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Economies of Scale in Banking, Confidence Shocks, and Business Cycles

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Abstract

Equilibrium indeterminacy due to economies of scale (ES) in financial intermediation is quantitatively examined in a monetary business-cycle environment. Financial intermediation provides deposits which serve as a substitute for currency to purchase consumption, and depositing decisions are susceptible to non-fundamental shocks to confidence. The analysis considers various assumptions on nominal rigidities and the timing of deposit decisions. The results suggest that indeterminacy arises for small degrees of ES, and the resulting confidence shocks qualitatively mimic monetary shocks. A calibration exercise concludes that US economic volatility from this non-fundamental source has increased over time while volatility from fundamental sources has decreased.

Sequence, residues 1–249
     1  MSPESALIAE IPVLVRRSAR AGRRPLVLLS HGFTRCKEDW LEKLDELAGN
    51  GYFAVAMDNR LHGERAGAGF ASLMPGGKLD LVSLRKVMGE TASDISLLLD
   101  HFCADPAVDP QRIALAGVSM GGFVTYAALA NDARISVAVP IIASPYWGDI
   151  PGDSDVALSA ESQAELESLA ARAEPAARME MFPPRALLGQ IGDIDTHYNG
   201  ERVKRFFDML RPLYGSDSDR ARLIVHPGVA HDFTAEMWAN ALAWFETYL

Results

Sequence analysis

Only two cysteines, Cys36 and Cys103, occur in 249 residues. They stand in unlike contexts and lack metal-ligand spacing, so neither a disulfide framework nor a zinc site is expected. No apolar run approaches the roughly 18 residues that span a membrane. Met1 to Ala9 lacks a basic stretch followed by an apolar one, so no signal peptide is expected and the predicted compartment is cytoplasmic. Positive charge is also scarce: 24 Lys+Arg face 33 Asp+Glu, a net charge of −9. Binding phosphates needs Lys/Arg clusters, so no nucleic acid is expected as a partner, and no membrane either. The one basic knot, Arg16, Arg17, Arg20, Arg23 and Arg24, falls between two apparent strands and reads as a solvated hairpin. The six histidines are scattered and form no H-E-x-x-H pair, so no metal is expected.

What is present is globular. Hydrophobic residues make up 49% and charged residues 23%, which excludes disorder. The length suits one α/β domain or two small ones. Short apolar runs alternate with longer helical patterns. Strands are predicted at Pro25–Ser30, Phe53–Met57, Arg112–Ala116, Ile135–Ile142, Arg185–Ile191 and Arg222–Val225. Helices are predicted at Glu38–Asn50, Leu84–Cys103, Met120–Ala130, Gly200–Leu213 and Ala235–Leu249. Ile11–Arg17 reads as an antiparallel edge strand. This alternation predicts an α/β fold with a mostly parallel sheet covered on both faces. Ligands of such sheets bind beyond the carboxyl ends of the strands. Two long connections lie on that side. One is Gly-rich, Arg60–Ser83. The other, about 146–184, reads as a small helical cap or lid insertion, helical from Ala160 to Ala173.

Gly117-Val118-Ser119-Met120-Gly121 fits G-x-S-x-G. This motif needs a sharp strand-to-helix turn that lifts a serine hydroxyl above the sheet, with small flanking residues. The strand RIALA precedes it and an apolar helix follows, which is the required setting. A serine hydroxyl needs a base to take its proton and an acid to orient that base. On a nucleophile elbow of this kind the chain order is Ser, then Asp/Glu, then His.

Suggested Citation

  • Scott J. Dressler & Erasmus K. Kersting, 2012. "Economies of Scale in Banking, Confidence Shocks, and Business Cycles," Villanova School of Business Department of Economics and Statistics Working Paper Series 18, Villanova School of Business Department of Economics and Statistics.
  • Handle: RePEc:vil:papers:18
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    Keywords

    Firms; Financial Intermediation; Inside Money; Indeterminacy; Business Cycles;

    JEL classification:

    • C68 - Mathematical and Quantitative Methods - - Mathematical Methods; Programming Models; Mathematical and Simulation Modeling - - - Computable General Equilibrium Models
    • E32 - Macroeconomics and Monetary Economics - - Prices, Business Fluctuations, and Cycles - - - Business Fluctuations; Cycles
    • E44 - Macroeconomics and Monetary Economics - - Money and Interest Rates - - - Financial Markets and the Macroeconomy

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